Field Gear – What’s with All the Hammers?

Geologists use hammers. We all possess at least one of the easily recognized ‘rock hammers’ (I have four!). But we don’t all use the traditional rock hammer. And, as I showed in an earlier post, I often take more than one type of hammer to the field.

These five hammers will definitely be going to the field with me.
These five hammers will definitely be going to the field with me.

So, why all the hammers? What difference does it make?

Well, let’s look at the pros and cons of each type of hammer.

1) The classic rock pick

One of four of my classic rock hammers.
One of four of my classic rock hammers.

A decent all-around hammer, but light, so not of much use if you’re trying to break what are traditionally called ‘hard’ rocks, those of igneous and metamorphic classification. The pick end is good for wedging into cracks and prying, but more often, mine’s gotten stuck in my shin. I mostly use my rock picks to put nails in the wall.

2) A masonry hammer (my favorite)

My goes-with-me-everywhere hammer.
My goes-with-me-everywhere hammer. I do wish it had a slightly longer handle.

It’s the same mass as the regular rock pick, but has the wedge end, rather than a point. The flattened wedge is great for work with ‘soft’ or sedimentary rocks, because you can slip it between layers of bedding and pry them apart. It’s also handy for trenching and digging holes – which you wind up doing frequently in the field.

3) A crack hammer

Admittedly, this is not a true 'crack hammer,' because it only has one blunt end.
Admittedly, this is not a true ‘crack hammer,’ because it only has one blunt end.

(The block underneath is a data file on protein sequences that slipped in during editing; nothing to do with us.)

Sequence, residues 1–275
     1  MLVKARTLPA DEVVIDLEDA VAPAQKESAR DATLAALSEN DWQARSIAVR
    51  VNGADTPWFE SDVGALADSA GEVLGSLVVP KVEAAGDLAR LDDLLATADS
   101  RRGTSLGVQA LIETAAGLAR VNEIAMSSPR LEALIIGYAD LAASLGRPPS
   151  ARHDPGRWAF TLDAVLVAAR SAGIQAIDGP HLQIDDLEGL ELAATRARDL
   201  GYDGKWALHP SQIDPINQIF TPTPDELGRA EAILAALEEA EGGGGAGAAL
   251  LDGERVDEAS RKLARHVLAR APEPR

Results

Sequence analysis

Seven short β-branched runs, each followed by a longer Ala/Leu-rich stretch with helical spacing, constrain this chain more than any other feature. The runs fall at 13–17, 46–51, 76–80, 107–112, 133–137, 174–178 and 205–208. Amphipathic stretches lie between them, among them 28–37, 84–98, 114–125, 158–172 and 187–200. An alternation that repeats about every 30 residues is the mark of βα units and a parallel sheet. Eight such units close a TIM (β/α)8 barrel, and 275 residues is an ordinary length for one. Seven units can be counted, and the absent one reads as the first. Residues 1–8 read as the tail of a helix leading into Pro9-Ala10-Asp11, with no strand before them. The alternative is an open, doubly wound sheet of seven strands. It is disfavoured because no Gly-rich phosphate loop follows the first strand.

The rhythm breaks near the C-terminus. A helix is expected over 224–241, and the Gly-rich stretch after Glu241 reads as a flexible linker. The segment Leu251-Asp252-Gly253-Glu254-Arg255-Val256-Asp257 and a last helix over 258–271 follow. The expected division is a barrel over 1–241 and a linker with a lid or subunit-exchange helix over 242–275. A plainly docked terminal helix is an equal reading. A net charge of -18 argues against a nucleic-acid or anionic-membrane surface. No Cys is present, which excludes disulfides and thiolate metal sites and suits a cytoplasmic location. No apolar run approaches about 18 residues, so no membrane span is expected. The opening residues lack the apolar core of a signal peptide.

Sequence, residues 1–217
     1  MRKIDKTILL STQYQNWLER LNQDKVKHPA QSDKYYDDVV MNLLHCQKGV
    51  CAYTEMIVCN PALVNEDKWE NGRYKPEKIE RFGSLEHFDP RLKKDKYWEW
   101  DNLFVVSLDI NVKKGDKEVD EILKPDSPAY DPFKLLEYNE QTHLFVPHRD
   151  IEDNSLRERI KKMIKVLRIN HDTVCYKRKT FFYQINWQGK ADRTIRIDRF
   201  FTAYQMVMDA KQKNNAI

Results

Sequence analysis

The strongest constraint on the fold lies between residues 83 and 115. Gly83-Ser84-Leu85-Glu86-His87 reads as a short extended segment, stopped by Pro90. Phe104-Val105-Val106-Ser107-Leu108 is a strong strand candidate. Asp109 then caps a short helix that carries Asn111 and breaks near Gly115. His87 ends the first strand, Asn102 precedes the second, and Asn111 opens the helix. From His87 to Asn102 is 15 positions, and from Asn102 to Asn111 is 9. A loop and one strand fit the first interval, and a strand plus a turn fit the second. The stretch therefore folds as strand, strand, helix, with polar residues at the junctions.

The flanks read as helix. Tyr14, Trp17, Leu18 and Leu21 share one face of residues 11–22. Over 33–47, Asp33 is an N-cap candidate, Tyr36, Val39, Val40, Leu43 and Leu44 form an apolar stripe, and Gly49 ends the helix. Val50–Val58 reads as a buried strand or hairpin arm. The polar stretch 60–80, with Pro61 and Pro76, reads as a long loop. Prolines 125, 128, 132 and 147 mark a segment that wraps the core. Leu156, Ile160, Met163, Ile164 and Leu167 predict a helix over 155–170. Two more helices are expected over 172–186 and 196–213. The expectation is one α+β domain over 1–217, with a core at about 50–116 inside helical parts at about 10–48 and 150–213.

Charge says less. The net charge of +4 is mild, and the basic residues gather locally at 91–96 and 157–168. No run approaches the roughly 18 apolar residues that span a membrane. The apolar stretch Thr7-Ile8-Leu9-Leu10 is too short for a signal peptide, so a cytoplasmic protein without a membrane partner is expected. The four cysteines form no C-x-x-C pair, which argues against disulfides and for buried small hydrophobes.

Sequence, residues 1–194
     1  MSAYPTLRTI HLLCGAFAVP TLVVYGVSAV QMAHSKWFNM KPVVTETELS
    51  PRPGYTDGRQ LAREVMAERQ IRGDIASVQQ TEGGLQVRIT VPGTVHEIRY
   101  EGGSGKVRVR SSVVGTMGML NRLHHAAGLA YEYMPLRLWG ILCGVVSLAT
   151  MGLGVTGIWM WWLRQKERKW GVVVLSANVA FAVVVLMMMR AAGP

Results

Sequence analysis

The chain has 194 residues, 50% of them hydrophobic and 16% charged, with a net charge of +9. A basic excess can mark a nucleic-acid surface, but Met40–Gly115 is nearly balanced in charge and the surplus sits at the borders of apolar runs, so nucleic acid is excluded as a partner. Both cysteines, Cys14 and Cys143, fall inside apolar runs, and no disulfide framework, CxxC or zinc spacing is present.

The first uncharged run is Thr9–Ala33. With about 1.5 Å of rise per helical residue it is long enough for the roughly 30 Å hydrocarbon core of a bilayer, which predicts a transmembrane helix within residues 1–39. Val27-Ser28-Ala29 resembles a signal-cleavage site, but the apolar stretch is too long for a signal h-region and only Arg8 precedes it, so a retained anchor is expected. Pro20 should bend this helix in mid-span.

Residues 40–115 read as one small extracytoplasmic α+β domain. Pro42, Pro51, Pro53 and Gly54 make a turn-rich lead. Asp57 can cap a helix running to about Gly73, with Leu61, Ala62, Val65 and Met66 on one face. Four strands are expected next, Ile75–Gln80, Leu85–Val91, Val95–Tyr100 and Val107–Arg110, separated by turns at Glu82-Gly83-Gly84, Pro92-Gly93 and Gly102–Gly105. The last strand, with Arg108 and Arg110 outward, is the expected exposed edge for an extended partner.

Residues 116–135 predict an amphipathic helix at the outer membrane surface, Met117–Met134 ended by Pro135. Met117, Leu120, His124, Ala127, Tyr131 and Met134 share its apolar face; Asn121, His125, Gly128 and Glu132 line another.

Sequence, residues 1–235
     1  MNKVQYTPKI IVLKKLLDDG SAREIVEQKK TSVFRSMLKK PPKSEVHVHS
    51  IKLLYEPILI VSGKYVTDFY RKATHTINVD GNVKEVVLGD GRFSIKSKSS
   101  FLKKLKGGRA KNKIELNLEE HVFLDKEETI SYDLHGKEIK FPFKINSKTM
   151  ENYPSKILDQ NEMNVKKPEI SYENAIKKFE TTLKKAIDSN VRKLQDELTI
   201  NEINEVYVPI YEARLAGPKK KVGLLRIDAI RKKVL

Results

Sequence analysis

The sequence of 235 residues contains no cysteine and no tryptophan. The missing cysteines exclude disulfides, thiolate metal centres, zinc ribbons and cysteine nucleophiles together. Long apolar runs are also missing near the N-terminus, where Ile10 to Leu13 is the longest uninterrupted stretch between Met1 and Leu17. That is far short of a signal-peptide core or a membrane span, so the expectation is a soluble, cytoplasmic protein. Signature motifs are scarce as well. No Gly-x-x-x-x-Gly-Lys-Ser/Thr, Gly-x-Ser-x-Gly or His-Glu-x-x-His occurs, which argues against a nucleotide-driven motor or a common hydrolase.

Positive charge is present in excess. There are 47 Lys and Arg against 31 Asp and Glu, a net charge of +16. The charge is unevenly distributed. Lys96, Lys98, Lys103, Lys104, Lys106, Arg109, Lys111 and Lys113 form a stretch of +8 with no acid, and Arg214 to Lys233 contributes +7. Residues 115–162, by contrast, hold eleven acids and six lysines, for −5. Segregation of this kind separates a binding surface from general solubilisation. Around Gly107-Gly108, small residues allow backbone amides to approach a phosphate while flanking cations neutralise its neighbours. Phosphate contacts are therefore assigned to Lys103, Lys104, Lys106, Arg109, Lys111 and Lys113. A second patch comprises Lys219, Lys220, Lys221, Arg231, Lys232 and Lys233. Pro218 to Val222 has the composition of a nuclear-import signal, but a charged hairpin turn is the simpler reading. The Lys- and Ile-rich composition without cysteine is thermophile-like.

A crack hammer is a two or three pound, short-handled sledgehammer with two blunt ends. Mine has the cross peen (wedge) end, which is handy just like the wedge is handy on the masonry hammer. Mine is still three pounds, and does everything a true crack hammer does. This is what you want when working with ‘hard’ rocks.

4) Hoe-pick (or pick-axe)

My hoe-pick
My hoe-pick

I purchased this my first summer of field work as a graduate student. I love this thing. I use it for trenching and also for taking down cliffs and moving lots of rock when quarrying. It also makes a convenient chair. Really. It does.

5) Sledge hammer

6 pound sledgehammer
6 pound sledgehammer

This one is tough to beat if you’re trying to collect large samples of very hard rock. Since I don’t usually need to do this, I don’t often bring a sledge hammer. Maybe I’ll toss this in the truck, since I pulled it out to photograph it.

6)The latest thing: the Burpee pick!

My brand-new, shiny, Burpee Pick
My brand-new, shiny, Burpee Pick

This is all the rage. New this year, Estwing started selling the Burpee Pick, which is supposed to have the benefits of the wedge and pick ends of the light rock hammers above, but with a little more mass and a longer handle. It’s an updated version of the “Marsh Pick,” a tool specifically designed for paleontology. I just bought mine. We’ll see how it does over the next few weeks.

So what you see is that there’s no one ‘perfect’ hammer for doing geology or paleontology. A good field scientist carries several, because each has it’s own optimal use.

Published by paleololigo

Scientist (Paleontology, Geochemistry, Geology); Writer (Speculative and Science Fiction, plus technical and non-technical Science); Mom to great boy on the Autism spectrum; possessor of too many hobbies.

2 thoughts on “Field Gear – What’s with All the Hammers?

  1. Hi Penny,
    Thanks for the post on hammers. I need your help. My daughter is a geoscience major and is heading to field camp this summer. She wants/needs a rock hammer. This is a birthday gift, so I want to buy her a really good one, but I am confused by the different choices. What should I get her for field camp?
    Thanks.
    Eva

    Like

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